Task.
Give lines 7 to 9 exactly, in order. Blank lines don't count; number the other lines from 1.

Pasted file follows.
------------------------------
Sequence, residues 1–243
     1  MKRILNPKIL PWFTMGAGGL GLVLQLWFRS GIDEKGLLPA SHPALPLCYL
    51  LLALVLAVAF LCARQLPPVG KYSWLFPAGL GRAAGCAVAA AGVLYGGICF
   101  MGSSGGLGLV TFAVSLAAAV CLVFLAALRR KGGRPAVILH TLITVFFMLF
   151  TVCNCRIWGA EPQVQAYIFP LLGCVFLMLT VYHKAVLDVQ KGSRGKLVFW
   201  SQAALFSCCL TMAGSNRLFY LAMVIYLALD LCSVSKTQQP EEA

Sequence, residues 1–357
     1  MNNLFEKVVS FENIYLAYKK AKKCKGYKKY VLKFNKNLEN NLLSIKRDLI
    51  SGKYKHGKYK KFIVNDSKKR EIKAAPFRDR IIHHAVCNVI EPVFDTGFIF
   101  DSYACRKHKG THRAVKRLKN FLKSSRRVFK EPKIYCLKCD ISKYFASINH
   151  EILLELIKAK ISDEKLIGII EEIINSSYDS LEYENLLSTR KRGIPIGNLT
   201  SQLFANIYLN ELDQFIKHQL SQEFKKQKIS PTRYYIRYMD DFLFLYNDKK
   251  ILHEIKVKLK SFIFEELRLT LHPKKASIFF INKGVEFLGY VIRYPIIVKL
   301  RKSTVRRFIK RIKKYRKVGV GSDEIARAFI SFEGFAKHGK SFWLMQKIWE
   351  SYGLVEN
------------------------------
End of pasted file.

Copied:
Sequence, residues 1–357
     1  MNNLFEKVVS FENIYLAYKK AKKCKGYKKY VLKFNKNLEN NLLSIKRDLI
    51  SGKYKHGKYK KFIVNDSKKR EIKAAPFRDR IIHHAVCNVI EPVFDTGFIF